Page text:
What are some good general principles to keep in mind when designing and developing mobile application with touch interfaces?

  • 4
    This question is way to broad to be able to answer with any specifics.
    – DA01
    Nov 24, 2011 at 4:02
  • ask yourself why you asked us this and then ask yourself why again on your answer to the first. Then tell us the answers, this will help. Nov 24, 2011 at 9:07
  • Specify exactly what and when you're thinking about using these interactions, generally be more specific about use and we can give real answers.
    – Ben Brocka
    Nov 24, 2011 at 18:36

3 Answers 3


Tap always works; it's the way to interact with a touch screen. If I can't tap an item it might lead to confusion; at the very least a tap gesture should bring up a tool tip stating how I should interact with an object--tell me to drag it, long click, tap something else.

Double tap is harder to discover and I rarely see it. Ever since Windows Tablet Edition double tap has been somewhat dubious even with a stylus (which is more precise than touch). Touch is prone to an offset error so double tap just doubles the odds of hitting an incorrect target as well. I recommend against it unless it's a game or something where you can give explicit directions to use double tap and there are no alternative interactions.

Long press is common on Android and Windows Tablet Edition and I find it less hard to discover (since I know it exists!) but it's not common on iPhone. Don't make any vital actions use long press but it can be nice for advanced features; for example on Android it's used to modify icons from your homescreen. Many people don't even know that's possible, and their phones work great without the feature. For those that use it, it's quite nice.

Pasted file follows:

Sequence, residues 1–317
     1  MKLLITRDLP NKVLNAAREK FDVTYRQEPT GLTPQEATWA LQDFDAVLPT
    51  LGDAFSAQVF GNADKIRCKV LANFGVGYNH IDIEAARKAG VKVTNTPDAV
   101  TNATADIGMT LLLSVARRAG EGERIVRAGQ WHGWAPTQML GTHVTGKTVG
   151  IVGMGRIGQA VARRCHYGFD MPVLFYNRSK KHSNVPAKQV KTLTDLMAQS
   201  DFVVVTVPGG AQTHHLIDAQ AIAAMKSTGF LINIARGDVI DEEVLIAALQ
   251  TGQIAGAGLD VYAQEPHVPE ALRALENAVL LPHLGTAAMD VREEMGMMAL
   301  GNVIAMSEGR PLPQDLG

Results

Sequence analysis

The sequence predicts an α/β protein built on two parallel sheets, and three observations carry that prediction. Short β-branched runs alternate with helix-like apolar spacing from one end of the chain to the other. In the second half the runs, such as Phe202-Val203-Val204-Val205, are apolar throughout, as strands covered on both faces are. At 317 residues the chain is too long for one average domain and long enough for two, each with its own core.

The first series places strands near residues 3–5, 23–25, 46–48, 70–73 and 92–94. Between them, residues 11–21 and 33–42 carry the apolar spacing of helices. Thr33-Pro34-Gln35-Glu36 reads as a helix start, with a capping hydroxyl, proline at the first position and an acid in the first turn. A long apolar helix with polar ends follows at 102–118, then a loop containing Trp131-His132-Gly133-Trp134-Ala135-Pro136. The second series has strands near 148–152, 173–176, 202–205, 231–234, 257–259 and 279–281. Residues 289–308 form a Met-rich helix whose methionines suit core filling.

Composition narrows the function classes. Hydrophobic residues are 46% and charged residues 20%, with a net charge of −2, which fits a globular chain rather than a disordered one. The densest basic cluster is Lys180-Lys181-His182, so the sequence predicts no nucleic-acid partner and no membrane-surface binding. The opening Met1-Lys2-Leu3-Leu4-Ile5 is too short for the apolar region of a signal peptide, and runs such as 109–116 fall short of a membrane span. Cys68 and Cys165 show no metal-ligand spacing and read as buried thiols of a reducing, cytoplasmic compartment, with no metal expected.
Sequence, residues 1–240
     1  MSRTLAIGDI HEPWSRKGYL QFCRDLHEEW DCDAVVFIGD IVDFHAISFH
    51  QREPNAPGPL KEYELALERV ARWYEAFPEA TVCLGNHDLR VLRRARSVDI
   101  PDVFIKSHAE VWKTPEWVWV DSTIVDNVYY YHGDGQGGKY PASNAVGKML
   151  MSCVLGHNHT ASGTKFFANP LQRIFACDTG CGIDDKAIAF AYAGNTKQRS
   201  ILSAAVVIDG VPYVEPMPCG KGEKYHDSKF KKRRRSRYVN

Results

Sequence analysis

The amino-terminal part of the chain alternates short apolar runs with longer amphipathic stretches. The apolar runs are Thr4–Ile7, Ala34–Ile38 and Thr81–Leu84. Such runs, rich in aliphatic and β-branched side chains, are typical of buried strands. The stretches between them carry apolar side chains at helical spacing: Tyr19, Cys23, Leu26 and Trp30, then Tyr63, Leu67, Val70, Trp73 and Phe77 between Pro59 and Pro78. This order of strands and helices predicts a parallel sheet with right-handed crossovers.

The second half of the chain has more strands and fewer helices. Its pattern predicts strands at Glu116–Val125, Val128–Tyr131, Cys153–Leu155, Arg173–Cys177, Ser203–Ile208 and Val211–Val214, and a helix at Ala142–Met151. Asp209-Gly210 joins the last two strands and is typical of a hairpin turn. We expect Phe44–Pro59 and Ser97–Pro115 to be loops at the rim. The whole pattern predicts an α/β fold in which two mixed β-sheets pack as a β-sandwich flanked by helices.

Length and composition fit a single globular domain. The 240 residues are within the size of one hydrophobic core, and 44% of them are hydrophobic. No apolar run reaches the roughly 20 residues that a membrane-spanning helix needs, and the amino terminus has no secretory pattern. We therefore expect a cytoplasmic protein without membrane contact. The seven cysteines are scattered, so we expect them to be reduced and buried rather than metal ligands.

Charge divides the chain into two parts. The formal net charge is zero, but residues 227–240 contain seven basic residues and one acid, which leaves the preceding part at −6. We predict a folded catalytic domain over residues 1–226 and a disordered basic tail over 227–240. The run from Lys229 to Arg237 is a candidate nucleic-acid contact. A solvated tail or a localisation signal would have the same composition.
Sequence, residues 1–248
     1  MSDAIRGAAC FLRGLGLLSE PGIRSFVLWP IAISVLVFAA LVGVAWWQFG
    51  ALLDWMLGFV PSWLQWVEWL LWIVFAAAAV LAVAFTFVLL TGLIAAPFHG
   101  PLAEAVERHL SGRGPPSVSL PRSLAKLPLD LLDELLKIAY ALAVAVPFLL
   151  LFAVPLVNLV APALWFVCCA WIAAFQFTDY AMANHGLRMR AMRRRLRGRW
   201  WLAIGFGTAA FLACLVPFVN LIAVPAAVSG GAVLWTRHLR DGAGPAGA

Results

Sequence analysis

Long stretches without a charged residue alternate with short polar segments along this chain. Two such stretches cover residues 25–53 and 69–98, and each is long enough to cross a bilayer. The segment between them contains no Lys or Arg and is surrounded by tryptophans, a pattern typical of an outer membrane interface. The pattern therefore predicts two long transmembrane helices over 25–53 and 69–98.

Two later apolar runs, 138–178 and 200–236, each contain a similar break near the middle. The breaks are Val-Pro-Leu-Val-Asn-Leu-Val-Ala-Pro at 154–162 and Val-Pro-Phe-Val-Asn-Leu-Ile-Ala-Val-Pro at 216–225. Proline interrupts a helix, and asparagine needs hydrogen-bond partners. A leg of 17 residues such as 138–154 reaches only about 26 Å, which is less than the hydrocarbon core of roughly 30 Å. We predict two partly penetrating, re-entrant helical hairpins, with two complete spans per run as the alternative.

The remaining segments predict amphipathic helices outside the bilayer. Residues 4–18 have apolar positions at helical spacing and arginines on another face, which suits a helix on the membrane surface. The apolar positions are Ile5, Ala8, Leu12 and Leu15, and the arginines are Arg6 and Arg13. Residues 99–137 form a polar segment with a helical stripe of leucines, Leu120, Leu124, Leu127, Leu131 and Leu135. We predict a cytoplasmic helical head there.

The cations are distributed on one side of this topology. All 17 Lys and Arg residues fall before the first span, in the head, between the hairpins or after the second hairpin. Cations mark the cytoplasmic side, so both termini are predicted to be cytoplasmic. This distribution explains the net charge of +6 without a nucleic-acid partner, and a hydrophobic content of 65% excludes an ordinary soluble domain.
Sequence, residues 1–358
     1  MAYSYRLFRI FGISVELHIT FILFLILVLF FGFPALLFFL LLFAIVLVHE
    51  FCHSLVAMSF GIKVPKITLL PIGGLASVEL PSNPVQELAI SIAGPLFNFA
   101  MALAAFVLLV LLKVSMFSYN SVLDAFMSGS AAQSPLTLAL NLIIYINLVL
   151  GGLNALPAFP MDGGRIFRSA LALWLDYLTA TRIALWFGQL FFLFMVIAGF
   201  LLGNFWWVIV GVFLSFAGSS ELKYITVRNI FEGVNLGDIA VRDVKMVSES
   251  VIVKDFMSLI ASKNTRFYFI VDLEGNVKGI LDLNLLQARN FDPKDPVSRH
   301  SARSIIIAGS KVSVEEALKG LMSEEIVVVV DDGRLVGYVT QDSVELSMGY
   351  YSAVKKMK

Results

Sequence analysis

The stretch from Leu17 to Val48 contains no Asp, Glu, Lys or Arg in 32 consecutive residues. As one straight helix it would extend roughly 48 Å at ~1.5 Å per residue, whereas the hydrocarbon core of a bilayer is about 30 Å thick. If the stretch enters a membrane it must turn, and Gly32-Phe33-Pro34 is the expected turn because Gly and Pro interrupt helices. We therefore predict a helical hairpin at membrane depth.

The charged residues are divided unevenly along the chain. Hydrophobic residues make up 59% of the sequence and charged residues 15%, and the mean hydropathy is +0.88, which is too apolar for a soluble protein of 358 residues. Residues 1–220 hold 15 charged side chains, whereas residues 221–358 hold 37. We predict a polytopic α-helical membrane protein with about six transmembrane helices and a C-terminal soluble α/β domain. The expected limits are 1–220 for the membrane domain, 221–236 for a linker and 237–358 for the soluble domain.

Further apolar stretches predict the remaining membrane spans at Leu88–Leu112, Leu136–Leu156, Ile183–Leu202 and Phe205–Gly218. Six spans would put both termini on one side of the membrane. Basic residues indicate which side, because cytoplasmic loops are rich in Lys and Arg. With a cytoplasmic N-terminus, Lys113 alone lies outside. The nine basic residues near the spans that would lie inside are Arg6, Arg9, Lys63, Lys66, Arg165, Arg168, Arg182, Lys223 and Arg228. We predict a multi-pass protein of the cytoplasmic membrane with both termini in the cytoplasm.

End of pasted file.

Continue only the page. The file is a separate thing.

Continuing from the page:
Without more info that's all the more advice I can give.

  • Whatsapp uses long press to select messages.. I think this is common now Apr 12, 2021 at 22:38

Don't ever require your end user to double tap or use long press at all!
A user on a touch device only knows:

  • tap
  • swipe (all directions)
  • pinch

Just to name a few:

Do not use hover images.

Be aware of the "fat finger problem" (i.e. do not place a confirmation box right under the box users just pressed since they won't see it) In general put your navigation buttons under the content (as opposed to normal desktop navigation)

Keep in mind that screens can be viewed both in landscape and portrait mode.

Make sure that scroll gesture wipes are not accidentally picked up as touch interaction.

As DAO1 states, your question is too broad. Narrow it done to a spefic application. Each domain has it's own UI requirements.

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